Remember, no matter how quiet or loud you play, signal is crossing zero all the time.

So, at the end, there is no such thing as clean amplifier.
Scenario above has been done many times.
Only you can decide what you preffer.
 

dreamth

Member
2010-11-18 9:12 am
@adason Class AB means class A at low power...usually 1/10th of the nominal power....so a class AB will have zero crossover with soft signals but will also have twice the uncorrelated noise cause there are two devices in need for signal at higher bias and overal SNR is lower...with increasing component count in class ab you also need lower noise and tightly matched components.I remember someone telling me a decade ago about some noisy Krell amps...what we might actually enjoy more in between class a and class AB would be a very well matched class B amp, but that is really hard to get done with discrete components so class D took the challenge further.
 
Class D has introduced new problems that are slowly being better understood. For one example: https://purifi-audio.com/2020/04/28...n't something,but not entirely random moments. Lars Risbo said in an interview he doesn't think they have found everything yet.

Regarding Class AB, John Curl once biased an amp at 1A trying to get a large Class A region. Other designers have found perceptually optimum bias points that are amplifier specific. Takes ESL speakers to hear some of the subtle details more clearly.
 

dreamth

Member
2010-11-18 9:12 am
Regarding Class AB, John Curl once biased an amp at 1A trying to get a large Class A region. Other designers have found perceptually optimum bias points that are amplifier specific. Takes ESL speakers to hear some of the subtle details more clearly.
I did something similar with a Realistic STA-2250 that i stll have, put a fan over the heatsink and indeed the sound became more pleasant, really pleasant.Unfortunately a passive cooling would have been really challenging if i'd wanted to have a listen at lower volumes without hearing the fan...That amp is open in the shed since 2011...never took the time to put it back together although its FM tuner is one of the best ever being also the second digital tuner ever made after STA 2100 made by the same company.Also STA2100 has one more filter.I should probably drag it again to class A cause its power transformer is 480watts while the power amps are 2x 50 watts class ab.The power supply is 2x 42v dc though...Not sure how much time will it survive in class A at 50 watts.The real chalenge though is the heatsink placement and its type... I have some server cooling fans with refrigerant liquids but i don't have the space for them inside the Realistic amp.The best amps of the 80's used freon for cooling which allowed for better cooling without active recirculating fluids.I still dream of building the ICE-AGE class A amplifier actively cooled with refrigerants...most probably someone else will do it before me , but talking about ice age a class B amp would probably be more appropriate to match.I' m pretty sure though that class A at room temperature would be a really interesting experience as tighter specs could be obtained.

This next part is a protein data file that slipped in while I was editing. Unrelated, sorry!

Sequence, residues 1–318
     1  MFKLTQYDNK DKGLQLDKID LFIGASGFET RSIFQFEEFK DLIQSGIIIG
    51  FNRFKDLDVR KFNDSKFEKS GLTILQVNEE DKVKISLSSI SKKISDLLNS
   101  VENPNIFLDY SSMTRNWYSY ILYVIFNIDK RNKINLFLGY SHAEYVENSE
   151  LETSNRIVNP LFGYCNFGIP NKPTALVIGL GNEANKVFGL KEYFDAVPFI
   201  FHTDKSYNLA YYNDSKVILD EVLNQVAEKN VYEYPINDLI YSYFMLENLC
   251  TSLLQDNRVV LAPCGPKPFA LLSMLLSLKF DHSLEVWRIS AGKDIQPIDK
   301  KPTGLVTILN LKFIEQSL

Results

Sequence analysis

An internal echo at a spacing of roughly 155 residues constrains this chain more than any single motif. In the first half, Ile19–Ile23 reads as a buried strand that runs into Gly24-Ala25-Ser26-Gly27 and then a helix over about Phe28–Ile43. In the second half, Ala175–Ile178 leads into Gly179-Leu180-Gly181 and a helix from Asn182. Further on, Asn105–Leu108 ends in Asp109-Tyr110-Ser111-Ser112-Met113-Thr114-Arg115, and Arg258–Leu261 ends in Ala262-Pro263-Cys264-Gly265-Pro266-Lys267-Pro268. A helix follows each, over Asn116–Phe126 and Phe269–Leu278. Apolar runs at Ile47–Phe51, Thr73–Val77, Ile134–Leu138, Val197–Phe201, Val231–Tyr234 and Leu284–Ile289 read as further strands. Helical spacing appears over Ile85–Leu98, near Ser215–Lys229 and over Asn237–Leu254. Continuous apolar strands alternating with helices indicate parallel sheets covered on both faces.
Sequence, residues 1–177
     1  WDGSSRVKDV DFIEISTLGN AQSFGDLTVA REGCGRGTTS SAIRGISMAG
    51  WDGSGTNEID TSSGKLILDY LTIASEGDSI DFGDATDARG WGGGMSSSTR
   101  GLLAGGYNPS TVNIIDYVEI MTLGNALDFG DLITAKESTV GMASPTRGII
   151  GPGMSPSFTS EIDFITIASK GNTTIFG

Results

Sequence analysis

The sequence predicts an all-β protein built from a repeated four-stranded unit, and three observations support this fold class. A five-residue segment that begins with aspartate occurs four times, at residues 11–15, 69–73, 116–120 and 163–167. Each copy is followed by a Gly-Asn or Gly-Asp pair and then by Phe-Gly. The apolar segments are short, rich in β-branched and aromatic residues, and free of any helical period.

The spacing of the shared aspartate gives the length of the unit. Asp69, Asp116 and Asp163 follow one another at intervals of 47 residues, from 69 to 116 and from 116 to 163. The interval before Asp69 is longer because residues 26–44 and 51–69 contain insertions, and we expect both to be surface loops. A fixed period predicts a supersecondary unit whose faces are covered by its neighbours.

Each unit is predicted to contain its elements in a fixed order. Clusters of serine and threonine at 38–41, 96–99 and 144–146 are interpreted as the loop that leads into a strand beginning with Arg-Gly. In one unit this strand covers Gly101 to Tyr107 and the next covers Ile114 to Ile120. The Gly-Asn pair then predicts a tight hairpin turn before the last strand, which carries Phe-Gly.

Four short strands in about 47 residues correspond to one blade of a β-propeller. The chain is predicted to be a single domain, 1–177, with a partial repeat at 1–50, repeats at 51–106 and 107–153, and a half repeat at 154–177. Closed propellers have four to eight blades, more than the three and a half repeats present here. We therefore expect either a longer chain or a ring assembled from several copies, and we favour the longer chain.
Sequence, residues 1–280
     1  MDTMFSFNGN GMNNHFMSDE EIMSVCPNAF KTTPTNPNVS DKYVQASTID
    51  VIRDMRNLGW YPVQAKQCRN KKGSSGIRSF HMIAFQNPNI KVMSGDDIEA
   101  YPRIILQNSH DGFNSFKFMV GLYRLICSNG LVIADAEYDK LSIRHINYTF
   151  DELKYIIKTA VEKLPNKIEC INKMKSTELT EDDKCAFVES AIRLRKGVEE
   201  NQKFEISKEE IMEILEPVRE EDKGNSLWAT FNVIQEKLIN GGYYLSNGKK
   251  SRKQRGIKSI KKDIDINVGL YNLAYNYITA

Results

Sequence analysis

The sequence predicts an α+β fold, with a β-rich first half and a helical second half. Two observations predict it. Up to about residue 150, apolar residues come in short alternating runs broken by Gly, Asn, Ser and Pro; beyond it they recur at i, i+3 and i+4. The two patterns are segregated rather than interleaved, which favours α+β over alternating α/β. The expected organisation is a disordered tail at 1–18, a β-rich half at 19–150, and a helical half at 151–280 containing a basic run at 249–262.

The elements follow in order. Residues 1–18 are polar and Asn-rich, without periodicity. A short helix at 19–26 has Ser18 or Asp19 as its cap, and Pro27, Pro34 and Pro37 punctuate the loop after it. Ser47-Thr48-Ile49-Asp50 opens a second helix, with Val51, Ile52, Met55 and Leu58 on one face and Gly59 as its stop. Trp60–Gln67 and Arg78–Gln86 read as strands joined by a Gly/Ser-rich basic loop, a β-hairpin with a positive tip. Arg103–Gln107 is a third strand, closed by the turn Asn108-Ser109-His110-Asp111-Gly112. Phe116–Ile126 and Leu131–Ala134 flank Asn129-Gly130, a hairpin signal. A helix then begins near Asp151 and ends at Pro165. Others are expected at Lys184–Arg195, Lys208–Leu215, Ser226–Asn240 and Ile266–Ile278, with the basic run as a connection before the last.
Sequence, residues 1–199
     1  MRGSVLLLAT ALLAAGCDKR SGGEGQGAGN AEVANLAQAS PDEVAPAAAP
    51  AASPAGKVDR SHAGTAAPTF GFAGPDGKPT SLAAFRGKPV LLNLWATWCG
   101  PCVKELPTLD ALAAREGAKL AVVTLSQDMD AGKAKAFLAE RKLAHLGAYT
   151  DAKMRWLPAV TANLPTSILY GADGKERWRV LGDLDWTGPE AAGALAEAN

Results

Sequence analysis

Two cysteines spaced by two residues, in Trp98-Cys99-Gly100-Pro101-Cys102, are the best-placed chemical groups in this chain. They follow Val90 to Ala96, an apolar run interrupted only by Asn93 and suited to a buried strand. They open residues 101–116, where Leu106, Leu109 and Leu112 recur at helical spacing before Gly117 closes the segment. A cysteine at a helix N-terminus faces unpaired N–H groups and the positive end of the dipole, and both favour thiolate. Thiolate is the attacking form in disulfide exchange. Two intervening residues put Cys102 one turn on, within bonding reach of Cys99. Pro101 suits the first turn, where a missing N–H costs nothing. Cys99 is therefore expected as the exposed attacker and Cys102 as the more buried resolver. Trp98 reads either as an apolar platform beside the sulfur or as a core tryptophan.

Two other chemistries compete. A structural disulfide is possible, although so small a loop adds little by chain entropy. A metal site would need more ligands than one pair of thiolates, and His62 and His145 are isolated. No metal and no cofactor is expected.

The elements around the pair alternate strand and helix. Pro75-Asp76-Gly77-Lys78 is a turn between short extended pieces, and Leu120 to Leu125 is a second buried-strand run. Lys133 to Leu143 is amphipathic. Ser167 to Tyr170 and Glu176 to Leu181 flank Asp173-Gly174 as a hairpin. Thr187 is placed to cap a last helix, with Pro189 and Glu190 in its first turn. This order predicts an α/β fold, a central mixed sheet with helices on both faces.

adason

Member
Paid Member
2004-11-10 8:31 pm
Maryland
i was talking about typical classAB, here are some examples...mark levinson
 

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One would assume outcome of listening session can be easily predicted. Low distortion amp will sound better.
Sounding better has many different definitions. It needs to be clarified with specific context. In the context of sound reproduction, it's the level of fidelity between input and output. In the context of personal preference, it's whatever the listener prefers. The latter creates problems when people are discussing it remotely such as internet forums. Why? I'm sure you've heard a phrase, "One man's trash is another man's treasure."
 

dreamth

Member
2010-11-18 9:12 am
Question: those who claim only clean amp should be used...can you please tell me what is % distortion cut off according to the listening tests below which amp is considered clean, and above which amp is considered 'effect box'?
Well you just showed the class d purify module based nad c298 having the same distortions at low power as your class A gryphon...while the gryphon distortions rise with power same as in any class ab amp...not sure i'm getting your point anymore.